keywords = "Computed tomography, Liver lesion detection/characterization, Positron emission tomography, Respiratory gating, SUV",
author = "Cinzia Crivellaro and {de Ponti}, Elena and Federica Elisei and Sabrina Morzenti and Maria Picchio and Valentino Bettinardi and Annibale Versari and Federica Fioroni and Miroslaw Dziuk and Konrad Tkaczewski and Ren{\'e}e Ahond-Vionnet and Guillaume Nodari and Sergio Todde and Claudio Landoni and Luca Guerra",
year = "2017",
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doi = "10.1007/s00259-017-3795-0",
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journal = "European Journal of Pediatrics",
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TY - JOUR

T1 - Added diagnostic value of respiratory-gated 4D 18F–FDG PET/CT in the detection of liver lesions

T2 - a multicenter study

AU - Crivellaro, Cinzia

AU - de Ponti, Elena

AU - Elisei, Federica

AU - Morzenti, Sabrina

AU - Picchio, Maria

AU - Bettinardi, Valentino

AU - Versari, Annibale

AU - Fioroni, Federica

AU - Dziuk, Miroslaw

AU - Tkaczewski, Konrad

AU - Ahond-Vionnet, Renée

AU - Nodari, Guillaume

AU - Todde, Sergio

AU - Landoni, Claudio

AU - Guerra, Luca

PY - 2017/8/19

Y1 - 2017/8/19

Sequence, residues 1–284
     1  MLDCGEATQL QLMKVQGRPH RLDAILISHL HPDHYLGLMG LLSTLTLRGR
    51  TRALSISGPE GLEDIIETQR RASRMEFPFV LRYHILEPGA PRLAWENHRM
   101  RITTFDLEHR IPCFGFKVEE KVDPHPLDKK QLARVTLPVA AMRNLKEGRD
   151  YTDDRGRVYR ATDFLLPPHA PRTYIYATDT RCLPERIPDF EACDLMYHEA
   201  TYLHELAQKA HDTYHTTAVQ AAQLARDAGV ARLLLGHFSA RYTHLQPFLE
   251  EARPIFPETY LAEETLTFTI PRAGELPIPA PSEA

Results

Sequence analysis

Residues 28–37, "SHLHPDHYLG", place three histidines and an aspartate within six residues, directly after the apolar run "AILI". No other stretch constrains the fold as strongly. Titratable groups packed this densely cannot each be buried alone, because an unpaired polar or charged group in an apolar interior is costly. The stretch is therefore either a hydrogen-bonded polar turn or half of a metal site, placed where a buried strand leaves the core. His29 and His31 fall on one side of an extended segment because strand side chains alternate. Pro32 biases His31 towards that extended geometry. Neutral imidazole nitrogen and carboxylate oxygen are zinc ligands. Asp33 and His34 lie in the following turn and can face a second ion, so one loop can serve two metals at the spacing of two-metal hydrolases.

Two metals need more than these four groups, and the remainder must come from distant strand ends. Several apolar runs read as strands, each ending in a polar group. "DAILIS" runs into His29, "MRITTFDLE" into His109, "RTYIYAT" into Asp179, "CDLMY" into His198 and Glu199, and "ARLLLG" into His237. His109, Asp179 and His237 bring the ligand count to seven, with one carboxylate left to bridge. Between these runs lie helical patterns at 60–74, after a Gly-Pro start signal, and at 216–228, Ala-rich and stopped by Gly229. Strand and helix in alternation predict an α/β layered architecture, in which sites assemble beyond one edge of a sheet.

N2 - Purpose: The aim of the present study was to evaluate the added diagnostic value of respiratory-gated 4D18F–FDG PET/CT in liver lesion detection and characterization in a European multicenter retrospective study. Methods: Fifty-six oncological patients (29 males and 27 females, mean age, 61.2 ± 11.2 years) from five European centers, submitted to standard 3D–PET/CT and liver 4D–PET/CT were retrospectively evaluated. Based on visual analysis, liver PET/CT findings were scored as positive, negative, or equivocal both in 3D and 4D PET/CT. The impact of 4D–PET/CT on the confidence in classifying liver lesions was assessed. PET/CT findings were compared to histology and clinical follow-up as standard reference and diagnostic accuracy was calculated for both techniques. At semi-quantitative analysis, SUVmax was calculated for each detected lesion in 3D and 4D–PET/CT. Results: Overall, 72 liver lesions were considered for the analysis. Based on visual analysis in 3D–PET/CT, 32/72 (44.4%) lesions were considered positive, 21/72 (29.2%) negative, and 19/72 (26.4%) equivocal, while in 4D–PET/CT 48/72 (66.7%) lesions were defined positive, 23/72 (31.9%) negative, and 1/72 (1.4%) equivocal. 4D–PET/CT findings increased the confidence in lesion definition in 37/72 lesions (51.4%). Considering 3D equivocal lesions as positive, sensitivity, specificity, and accuracy were 88.9, 70.0, and 83.1%, respectively, while the same figures were 67.7, 90.0, and 73.8% if 3D equivocal findings were included as negative. 4D–PET/CT sensitivity, specificity, and accuracy were 97.8, 90.0, and 95.4%, respectively, considering equivocal lesions as positive and 95.6, 90.0, and 93.8% considering equivocal lesions as negative. The SUVmax of the liver lesions in 4D–PET (mean ± SD, 6.9 ± 3.2) was significantly higher (p < 0.001) than SUVmax in 3D–PET (mean ± SD, 5.2 ± 2.3). Conclusions: Respiratory-gated PET/CT technique is a valuable clinical tool in diagnosing liver lesions, reducing 3D undetermined findings, improving diagnostic accuracy, and confidence in reporting. 4D–PET/CT also improved the quantification of SUVmax of liver lesions.